Recently, Ecuador's Supreme Court turned down an extradition request from Belarus for a blogger who fled there after the government charged him with fraud. Alexander Barankov had been blogging about widespread government corruption. That particular extradition denial stands as a bold demonstration of the fraud charge's absurdity because Rafael Correa, Ecuador's president and an acolyte of Venezuelan President Hugo Chavez, is no champion of press freedom. Far from it. And yet he defied the Belarus request.
Baranakov is hardly the only example. The Organization for Security and Cooperation in Europe declaimed Lukashenko's record of arresting journalists and bloggers, saying "unfortunately recent detentions and searches in Minsk and elsewhere in the country show continued efforts to muzzle dissenting voices and clamp down on freedom of expression online."
Iran, not surprisingly, is even tougher. Bloggers are given long prison terms or sentenced to death, charged with "enmity against God" and subverting national security. Human-rights groups say the bloggers and tweeters are tortured in jail. In mid-November, one died in police custody for unexplained reasons.
Iran is actually trying to set up its own internal Internet. There, the government says, "unregulated social media and other content likely to encourage dissent" simply won't be available.
But the sad truth is, the dictators whose people are the most repressed -- locked in abject poverty -- don't have to worry about the social-media problem. In Laos, Cambodia, Eritrea, Mozambique and a handful of other states, most people have no access to computers or cell phones. Many of them are illiterate and couldn't use the devices even if they had them. That leaves their leaders to trample over their rights with near-full impunity.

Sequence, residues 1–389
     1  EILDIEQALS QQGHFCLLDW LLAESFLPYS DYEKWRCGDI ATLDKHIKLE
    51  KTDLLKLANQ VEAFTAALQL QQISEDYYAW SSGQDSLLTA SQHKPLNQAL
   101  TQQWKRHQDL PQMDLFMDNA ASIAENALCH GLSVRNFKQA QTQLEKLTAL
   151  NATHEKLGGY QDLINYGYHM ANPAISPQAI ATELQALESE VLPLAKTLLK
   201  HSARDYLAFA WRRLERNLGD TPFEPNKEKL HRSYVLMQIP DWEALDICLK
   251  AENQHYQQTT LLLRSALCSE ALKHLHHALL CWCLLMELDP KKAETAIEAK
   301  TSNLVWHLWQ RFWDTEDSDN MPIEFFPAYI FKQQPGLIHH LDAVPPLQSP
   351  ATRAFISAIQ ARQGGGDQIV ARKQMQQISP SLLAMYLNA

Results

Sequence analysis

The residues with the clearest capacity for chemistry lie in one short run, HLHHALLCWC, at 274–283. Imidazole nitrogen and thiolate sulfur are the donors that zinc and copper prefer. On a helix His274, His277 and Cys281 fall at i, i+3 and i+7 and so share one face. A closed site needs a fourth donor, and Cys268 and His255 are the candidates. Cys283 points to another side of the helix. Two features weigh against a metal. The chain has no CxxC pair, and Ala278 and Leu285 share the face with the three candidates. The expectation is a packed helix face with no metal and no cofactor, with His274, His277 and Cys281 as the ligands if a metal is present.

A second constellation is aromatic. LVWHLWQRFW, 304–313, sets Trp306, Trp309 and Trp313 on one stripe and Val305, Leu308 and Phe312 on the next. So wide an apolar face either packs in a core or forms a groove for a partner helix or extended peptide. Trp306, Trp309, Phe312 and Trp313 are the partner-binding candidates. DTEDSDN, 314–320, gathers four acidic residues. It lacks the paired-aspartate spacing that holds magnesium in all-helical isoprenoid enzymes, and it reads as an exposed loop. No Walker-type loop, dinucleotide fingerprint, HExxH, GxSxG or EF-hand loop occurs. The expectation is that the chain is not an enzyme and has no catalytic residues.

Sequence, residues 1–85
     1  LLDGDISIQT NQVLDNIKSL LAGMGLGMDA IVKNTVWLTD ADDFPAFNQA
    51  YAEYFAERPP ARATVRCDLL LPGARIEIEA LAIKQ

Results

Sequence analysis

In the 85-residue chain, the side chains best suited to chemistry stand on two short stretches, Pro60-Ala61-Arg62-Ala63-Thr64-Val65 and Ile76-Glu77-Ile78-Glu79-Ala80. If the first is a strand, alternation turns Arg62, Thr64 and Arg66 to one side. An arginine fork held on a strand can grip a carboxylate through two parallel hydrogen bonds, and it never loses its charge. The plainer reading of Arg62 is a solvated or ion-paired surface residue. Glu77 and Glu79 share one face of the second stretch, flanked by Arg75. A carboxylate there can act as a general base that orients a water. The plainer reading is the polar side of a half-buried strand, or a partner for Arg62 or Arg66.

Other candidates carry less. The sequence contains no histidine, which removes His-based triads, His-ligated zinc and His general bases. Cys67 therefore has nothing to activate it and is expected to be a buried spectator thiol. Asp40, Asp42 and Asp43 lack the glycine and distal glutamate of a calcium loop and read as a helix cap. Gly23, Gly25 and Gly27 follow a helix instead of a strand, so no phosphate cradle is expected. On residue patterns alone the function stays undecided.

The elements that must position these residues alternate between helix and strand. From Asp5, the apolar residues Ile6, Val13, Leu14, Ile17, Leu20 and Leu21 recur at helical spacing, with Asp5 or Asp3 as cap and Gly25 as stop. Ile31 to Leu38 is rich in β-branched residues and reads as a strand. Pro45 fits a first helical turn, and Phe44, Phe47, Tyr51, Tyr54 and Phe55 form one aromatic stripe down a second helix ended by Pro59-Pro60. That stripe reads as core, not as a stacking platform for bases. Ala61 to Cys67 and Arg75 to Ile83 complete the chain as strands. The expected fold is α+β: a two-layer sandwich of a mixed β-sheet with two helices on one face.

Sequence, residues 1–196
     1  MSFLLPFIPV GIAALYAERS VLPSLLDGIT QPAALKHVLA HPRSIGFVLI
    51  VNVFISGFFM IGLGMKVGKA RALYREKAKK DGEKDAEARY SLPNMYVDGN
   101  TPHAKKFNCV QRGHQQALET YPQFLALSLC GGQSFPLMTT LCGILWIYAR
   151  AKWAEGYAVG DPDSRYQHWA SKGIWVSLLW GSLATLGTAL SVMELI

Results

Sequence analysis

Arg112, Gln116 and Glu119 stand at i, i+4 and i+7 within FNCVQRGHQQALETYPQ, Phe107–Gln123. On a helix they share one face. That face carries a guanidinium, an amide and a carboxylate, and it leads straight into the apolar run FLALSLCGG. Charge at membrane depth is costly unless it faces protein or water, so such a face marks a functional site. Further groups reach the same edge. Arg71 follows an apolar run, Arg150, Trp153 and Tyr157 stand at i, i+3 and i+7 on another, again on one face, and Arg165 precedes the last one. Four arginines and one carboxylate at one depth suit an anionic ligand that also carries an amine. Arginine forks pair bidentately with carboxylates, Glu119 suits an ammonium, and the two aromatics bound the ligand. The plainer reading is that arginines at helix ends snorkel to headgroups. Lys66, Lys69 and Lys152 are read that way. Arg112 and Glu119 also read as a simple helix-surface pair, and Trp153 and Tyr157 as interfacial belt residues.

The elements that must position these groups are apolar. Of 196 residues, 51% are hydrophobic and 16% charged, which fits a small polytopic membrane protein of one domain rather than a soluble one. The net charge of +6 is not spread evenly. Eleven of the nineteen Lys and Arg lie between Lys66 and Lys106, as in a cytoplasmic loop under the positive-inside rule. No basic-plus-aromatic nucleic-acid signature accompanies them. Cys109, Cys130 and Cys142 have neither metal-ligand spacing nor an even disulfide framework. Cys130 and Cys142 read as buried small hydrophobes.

China demonstrates this better than any nation. The state's economic-development program pulled millions of Chinese out of poverty. Previously, Chinese were relatively quiescent. But with prosperity came a new understanding of how venal and repressive the Chinese Communist Party really is. So millions of Chinese took to new social-media platforms to complain.
Now China spends more money on internal security -- including a massive online censorship office -- than it does on its military. Persistent online critics are imprisoned or worse. That demonstrates a clear fact: The Chinese government fears its own people far more than it does any outside power.
Other states are catching up. Russia is implementing a massive new online Internet filtering system, ostensibly to protect children from offensive sites. But human-rights advocates are warning that it can just as easily be used to block social-media commentary the government doesn't like.
In Oman this fall, six people were jailed for defaming the state on Facebook. That came after the National Human Rights Commission of Oman (an oxymoron if I've ever heard one) labeled those posts and others "negative writings that violate Islamic principles."
Nearby, Bahrain is trying to have it both ways. On the one hand, it jailed a human-rights advocate for tweeting criticism of the nation's tyrannical prime minister. Then authorities arrested four more Bahrainis for Twitter posts considered to be critical of the king.
At the same time, though, the government allowed one of the state's biggest companies, a telecom provider named Zain Bahrain, to sponsor a major business conference there, undoubtedly because it will be quite profitable for the island's hotels, restaurants and other travel-related businesses.
What was the conference about? It's title: The Social Media Masters Forum.